Cooper Barrett's Guide to Surviving Life

TV review by
Joyce Slaton, Common Sense Media
Cooper Barrett's Guide to Surviving Life TV Poster Image
Appealing actors in seen-it-before ensemble comedy.

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The parents' guide to what's in this TV show.

Positive Messages

Friends are there for each other when the chips are down, a message somewhat routed by the fact that women are generally objects of lust or disgust rather than actual compatriots. 

Positive Role Models & Representations

Cooper Barrett is a hardworking and generally responsible young man but seems to regard getting drunk and womanizing as amusing. 


Slapstick, played for laughs: One man slaps another; toughs tie up a man and subject him to buckets of cold water and taunts. 


References to and jokes about sex, masturbation, pornography. A man appears on-screen nude (no private parts are seen). A man kisses a woman as she protests "No!"  


Cursing: "ass," "hell," "damn," "jackass," "ass-face." Jokes about tampons and yeast infections. Sexist language: One man says that he's so ugly his wife will no doubt have a mustache. 


Brands and product names are mentioned: Guitar Hero, The Book Thief. 

Drinking, Drugs & Smoking

Of-age characters drink at a party; no one acts drunk. Characters pop (unnamed) pills at a party, and scenes of decadence ensue. 

What parents need to know

Parents need to know that Cooper Barrett's Guide to Surviving Life is a comedy about 20-somethings trying to figure out their lives. It contains some party scenes that include drinking and main characters taking an unnamed blue pill, after which decadence ensues. Hangovers are made to look amusing; characters drink beer at games and dinners. Cursing includes "hell," "damn," and many variations of "ass," including "ass-face" and "jackass." Expect jokes about and references to sex and pornography, and a man appears naked on-screen (no private parts are shown). The group of buddies is male-only; women are either viewed with lust or disgust and frequently mocked for their looks. Friends treat each other with kindness but mock each other as well. Characters commit minor crimes (such as theft), which are played for laughs.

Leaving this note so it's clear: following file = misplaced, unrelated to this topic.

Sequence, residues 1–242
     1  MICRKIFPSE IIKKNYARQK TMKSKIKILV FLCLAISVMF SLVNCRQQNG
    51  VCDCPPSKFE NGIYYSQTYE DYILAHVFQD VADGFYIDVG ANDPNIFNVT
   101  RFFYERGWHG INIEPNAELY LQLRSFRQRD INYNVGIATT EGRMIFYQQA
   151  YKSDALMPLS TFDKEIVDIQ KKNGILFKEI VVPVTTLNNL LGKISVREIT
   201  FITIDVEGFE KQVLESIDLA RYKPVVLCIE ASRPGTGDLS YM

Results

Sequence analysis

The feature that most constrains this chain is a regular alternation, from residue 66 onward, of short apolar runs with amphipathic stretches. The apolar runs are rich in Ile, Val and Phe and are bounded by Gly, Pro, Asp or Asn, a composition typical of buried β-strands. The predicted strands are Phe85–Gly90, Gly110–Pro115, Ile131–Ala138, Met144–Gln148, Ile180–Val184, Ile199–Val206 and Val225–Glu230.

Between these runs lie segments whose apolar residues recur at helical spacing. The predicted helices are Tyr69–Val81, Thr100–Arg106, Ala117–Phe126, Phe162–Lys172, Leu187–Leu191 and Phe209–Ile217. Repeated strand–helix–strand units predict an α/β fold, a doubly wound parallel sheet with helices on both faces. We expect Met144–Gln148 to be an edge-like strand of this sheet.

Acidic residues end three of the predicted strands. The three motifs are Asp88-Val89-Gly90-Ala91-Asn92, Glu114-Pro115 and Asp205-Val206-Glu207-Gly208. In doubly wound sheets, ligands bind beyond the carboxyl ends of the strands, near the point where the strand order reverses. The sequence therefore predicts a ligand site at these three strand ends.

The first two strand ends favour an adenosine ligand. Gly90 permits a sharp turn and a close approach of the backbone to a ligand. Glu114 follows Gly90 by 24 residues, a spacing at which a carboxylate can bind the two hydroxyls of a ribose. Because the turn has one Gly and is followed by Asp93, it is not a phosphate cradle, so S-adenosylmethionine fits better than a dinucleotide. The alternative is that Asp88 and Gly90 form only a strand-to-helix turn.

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What's the story?

In the ensemble comedy COOPER BARRETT'S GUIDE TO SURVIVING LIFE, Cooper Barrett (Jack Cutmore-Scott) is a recent college graduate who's trying to figure out where his life will go next. Meanwhile, he's having a great time palling around with roommates, Neal (Charlie Saxton) and Barry (James Earl); his cute neighbor, Kelly (Meaghan Rath); and his doting-yet-jealous brother, Josh (Justin Bartha), who escapes from his wife and two kids at Cooper's place. Cooper doesn't know where he's going to work, what he's going to do, or where he's going to end up. But he's having fun, he has friends, and he's slowly finding his way to manhood. 

Is it any good?

Too familiar to be truly amusing, this show coasts along on the charm of its leads, but viewers may wish they were given fresher plot lines and dialogue. In the show's pilot, Barrett and crew celebrate graduating college, which leads to a blowout party, which leads to (you guessed it) hijinks! Hijinks that wind up paying off in mayhem that winds up bringing the crew together. If you think you may have seen this plot before, you're right. The Hangover jumps to mind, as do any number of episodes of Friends or How I Met Your Mother. It's a real pity, because each and every one of the actors cast in this retread are charming and adorable; if only they were given real situations to react to instead of over-the-top TV-comedy plot lines.

It's also extraordinarily tiresome that Barrett is given a hot neighbor (via a meet-cute vignette, naturally) who's clearly supposed to be the one sympathetic female character in a cast laden with manboys. Alas, all she's given in the name of characterization is that she likes to curse, dates older men, and doesn't want to date our hero because he's not mature enough. This comedy may appeal to teens, and it's mild enough for older ones, though parents may want to watch along to counter any sexist or otherwise iffy messages. 

Talk to your kids about ...

  • Families can talk about why groups of 20-something friends are so often the focus of TV comedies. What is it about this age that's particularly amusing? Why do writers like to tell stories about this age? 

  • The actor who plays Cooper Barrett is English, doing an American accent. Can you tell? Does it matter? Which actors can you name who use different accents in their roles? 

TV details

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